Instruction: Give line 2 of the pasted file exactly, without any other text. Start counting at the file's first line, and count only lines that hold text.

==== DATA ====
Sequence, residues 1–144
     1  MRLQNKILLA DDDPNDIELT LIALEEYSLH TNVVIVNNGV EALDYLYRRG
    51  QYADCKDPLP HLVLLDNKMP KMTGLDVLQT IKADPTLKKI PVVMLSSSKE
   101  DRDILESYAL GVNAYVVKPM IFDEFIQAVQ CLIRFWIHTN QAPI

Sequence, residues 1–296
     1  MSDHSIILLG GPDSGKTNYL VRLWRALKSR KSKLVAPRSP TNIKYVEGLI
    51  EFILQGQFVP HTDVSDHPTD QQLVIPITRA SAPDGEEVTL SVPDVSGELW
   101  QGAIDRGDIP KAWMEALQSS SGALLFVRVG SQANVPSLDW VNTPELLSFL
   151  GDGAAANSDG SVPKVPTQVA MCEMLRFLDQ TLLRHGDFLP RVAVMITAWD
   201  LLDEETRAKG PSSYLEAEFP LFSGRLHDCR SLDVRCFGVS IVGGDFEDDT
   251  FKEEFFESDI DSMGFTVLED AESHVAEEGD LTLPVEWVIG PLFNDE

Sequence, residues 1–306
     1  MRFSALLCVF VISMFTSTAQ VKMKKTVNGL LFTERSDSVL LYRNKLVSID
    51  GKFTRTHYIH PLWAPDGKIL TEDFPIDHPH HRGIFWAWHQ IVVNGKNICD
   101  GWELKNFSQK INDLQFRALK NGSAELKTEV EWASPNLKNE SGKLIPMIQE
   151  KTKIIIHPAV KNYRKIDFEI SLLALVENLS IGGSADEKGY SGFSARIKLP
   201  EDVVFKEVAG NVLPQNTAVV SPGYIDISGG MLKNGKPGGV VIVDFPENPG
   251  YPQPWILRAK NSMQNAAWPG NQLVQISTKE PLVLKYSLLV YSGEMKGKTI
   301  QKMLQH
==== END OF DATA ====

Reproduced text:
     1  MRLQNKILLA DDDPNDIELT LIALEEYSLH TNVVIVNNGV EALDYLYRRG